The third principle for parenting is to be intentional regarding values and practices. As practices flow out of values, it is vital for parents to be clear about their own family values and convictions (what they believe is important for the family and why), and then to be deliberate in how they enact them. If knowing God is important, then a bed-time routine that includes bible reading and prayer is appropriate, as is being part of a community that seeks God and serves others. If parenting is about mentoring in order to launch one’s children on the path of life with confidence, competence, and character, then discovering their passions and abilities, and directing kids to Jesus, will be constantly on the forefront of a parent’s mind and prayers.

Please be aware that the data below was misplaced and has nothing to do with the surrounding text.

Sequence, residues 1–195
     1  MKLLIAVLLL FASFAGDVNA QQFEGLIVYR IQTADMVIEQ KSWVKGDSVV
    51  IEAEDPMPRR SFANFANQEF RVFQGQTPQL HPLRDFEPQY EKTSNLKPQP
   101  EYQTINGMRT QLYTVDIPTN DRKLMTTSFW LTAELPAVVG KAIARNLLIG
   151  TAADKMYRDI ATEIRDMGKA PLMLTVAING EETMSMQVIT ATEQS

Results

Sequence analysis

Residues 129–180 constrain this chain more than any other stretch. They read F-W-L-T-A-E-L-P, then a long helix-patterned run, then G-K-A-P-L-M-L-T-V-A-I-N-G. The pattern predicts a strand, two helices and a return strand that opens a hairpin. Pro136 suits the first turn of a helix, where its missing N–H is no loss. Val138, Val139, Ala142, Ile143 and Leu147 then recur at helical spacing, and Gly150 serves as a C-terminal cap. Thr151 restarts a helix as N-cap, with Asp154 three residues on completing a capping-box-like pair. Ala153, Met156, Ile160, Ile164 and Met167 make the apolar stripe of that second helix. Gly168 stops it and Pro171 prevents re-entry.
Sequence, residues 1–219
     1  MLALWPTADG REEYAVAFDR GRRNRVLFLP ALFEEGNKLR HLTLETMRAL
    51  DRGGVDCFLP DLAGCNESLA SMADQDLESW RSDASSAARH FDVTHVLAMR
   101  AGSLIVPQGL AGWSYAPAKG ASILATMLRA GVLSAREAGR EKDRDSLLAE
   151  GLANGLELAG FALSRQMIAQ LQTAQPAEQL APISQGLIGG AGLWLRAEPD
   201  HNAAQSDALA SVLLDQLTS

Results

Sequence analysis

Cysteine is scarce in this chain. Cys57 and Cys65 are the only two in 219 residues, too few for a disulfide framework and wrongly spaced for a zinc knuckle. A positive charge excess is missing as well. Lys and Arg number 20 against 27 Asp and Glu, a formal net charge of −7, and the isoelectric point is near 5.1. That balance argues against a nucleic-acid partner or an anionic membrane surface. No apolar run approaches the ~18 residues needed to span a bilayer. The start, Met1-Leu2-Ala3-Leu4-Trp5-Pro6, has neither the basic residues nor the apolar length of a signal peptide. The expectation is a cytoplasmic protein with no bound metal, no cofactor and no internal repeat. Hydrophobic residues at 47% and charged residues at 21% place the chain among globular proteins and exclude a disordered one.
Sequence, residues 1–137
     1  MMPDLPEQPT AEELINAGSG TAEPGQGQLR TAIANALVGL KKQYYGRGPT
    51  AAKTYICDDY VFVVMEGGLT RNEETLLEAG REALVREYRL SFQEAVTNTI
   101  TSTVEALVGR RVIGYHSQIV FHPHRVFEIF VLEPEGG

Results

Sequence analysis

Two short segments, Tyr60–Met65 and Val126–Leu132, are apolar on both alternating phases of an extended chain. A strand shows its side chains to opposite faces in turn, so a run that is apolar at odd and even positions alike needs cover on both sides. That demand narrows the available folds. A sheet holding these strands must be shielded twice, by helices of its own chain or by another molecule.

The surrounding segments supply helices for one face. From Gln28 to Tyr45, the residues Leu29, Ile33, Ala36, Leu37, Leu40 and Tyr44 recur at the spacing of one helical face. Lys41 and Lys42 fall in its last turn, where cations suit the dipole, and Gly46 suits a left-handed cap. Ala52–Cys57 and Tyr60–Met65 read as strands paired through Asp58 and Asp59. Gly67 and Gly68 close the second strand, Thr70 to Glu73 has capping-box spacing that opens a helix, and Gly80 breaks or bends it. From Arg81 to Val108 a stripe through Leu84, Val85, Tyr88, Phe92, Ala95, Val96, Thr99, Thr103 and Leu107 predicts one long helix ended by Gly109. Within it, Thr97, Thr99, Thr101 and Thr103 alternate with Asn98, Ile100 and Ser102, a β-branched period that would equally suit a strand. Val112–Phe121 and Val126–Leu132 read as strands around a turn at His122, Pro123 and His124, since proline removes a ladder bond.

Christian Counseling to Develop Your Parenting Skills
Christian counseling can support parents in discovering these values and living out these practices. In addition, counseling can help to identify hindrances in a parent’s heart that may be affecting their relationship with their children. Parenting does not have to be solitary work. While there is no substitute for a healthy, supportive spiritual community, Christian counseling can provide unique insight, can focus attention on particular challenges and problems, and can provide opportunities for honing parenting skills. Seattle Christian Counseling offers this kind of help, perspective and support.
“Family,” courtesy of arztsamui, ID 100231799, freedigitalphotos.net; “Asian Family Play Sand On Beach,” courtesy of Sura Nualpradid, ID 100160200, freedigitalphotos.net; “Couple Riding Bikes Through Tree Covered Path 2, RED0000A128.jpg,” courtesy of StockPhotosforFree.com